EU project reaches out to female immigrants

Understanding the experiences and needs of female immigrants and the factors influencing their integration into the host population is the goal of the EU-funded FEMAGE (Needs for female
immigrants and their integration in ageing societies) project, which is currently drawing to a close.

‘We were aware that as European populations are ageing there is a need for more domestic service, and we were also aware that many female immigrants are not economically active,’ said project
coordinator Charlotte Höhn of the Federal Institute for Population Research, explaining the rationale behind the project. An additional
consideration was the fact that many female immigrants are not aware of what their own fate will be as they enter old age.

The project partners interviewed female immigrants from outside the EU about their experiences, interests, involvement in paid work and their thoughts on the future. They also looked at surveys
on the attitude of the local population towards immigrants, and held focus group discussions with NGOs.

According to Professor Höhn, the experiences of male and female immigrants are quite different, starting with the migration process itself.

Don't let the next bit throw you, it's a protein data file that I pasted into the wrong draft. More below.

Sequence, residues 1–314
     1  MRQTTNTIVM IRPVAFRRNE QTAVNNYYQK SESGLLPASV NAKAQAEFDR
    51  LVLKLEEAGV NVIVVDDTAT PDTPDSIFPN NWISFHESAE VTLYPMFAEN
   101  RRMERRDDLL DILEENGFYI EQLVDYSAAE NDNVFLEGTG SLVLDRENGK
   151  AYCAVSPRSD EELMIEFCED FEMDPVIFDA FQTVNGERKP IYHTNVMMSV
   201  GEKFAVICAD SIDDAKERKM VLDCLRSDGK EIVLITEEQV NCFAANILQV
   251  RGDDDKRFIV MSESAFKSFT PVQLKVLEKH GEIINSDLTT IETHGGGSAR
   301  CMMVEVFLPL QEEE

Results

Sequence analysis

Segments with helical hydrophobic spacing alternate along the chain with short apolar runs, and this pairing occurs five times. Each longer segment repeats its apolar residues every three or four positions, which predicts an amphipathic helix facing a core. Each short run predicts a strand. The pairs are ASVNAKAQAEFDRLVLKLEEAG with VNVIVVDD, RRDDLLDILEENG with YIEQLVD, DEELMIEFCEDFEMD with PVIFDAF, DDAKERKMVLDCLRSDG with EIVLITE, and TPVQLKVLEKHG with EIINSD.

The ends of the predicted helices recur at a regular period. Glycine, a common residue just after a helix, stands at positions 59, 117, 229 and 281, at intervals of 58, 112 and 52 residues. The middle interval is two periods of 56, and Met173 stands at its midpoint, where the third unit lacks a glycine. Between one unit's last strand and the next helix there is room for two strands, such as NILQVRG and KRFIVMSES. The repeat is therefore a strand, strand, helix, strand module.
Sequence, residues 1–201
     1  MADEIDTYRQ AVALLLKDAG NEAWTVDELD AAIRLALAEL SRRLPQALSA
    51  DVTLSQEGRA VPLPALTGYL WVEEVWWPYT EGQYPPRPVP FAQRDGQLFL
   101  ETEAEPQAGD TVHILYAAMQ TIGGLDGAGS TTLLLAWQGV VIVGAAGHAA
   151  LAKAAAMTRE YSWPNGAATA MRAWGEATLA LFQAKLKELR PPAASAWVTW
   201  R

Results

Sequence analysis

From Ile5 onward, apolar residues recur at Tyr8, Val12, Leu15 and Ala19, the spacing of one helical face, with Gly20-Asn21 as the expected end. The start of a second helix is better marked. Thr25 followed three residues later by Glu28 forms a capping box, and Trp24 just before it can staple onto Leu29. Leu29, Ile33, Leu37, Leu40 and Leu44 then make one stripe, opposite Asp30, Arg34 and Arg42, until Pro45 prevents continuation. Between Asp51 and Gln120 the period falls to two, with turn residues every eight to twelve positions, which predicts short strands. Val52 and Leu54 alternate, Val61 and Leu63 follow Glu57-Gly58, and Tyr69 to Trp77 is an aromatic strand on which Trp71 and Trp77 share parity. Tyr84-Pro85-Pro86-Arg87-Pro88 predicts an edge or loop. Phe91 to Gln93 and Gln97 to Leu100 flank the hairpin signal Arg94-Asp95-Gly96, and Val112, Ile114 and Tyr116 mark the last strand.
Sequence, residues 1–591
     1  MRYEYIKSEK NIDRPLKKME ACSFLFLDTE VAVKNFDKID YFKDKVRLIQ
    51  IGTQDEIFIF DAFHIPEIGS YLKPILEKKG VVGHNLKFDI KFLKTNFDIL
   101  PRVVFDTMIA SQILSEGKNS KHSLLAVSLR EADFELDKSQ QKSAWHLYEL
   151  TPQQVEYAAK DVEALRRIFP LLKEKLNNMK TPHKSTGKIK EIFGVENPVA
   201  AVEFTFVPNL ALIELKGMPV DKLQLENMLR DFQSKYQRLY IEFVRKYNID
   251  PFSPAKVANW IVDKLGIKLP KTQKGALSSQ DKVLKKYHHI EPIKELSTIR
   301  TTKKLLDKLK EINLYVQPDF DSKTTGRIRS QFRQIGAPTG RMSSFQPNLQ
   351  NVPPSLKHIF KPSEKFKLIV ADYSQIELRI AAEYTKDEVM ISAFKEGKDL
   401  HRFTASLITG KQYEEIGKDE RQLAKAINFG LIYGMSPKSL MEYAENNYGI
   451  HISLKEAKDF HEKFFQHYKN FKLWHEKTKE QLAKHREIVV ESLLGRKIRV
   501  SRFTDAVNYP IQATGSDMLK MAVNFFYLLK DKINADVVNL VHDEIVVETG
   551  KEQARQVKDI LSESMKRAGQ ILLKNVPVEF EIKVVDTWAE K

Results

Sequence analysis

‘Most women don’t come here on their own wishes,’ she told CORDIS News. ‘They usually come as children or as the wife of an immigrant.’ Women who migrate on their own are more likely to
integrate and enter the labour market than women who come with their husband.

Most immigrant women do not speak the local language, making integration into the local population more difficult. Furthermore, they may spend most of their time living within their own ethnic
community. Skilled women interviewed by the project reported that their talents and experience were rarely appreciated by the host country, leaving them trapped in low-skilled jobs. Women are
also less likely to have made provisions for old age.

So how can EU countries ensure that women arriving from elsewhere are able to play a full role in their adopted country? At the top of Professor
Höhn’s list is helping immigrants improve their language skills. In addition to this, she suggests sensitively raising their interest in
emancipation and boosting their self-esteem, to give them the courage to take part in activities beyond their own ethnic community.

Local populations can also help by making sure immigrants feel welcomed, and not rejected. ‘There is sometimes a misunderstanding, so immigrants feel more rejected than they actually are,’
explains Professor Höhn.

Looking to the future, Professor Höhn notes that there is a need for more research into the barriers to integration faced by female immigrants
to the EU. ‘They are a neglected part of the population,’ she commented.

FEMAGE is funded through the ‘Research for policy support’ activity of the Sixth Framework Programme (FP6).

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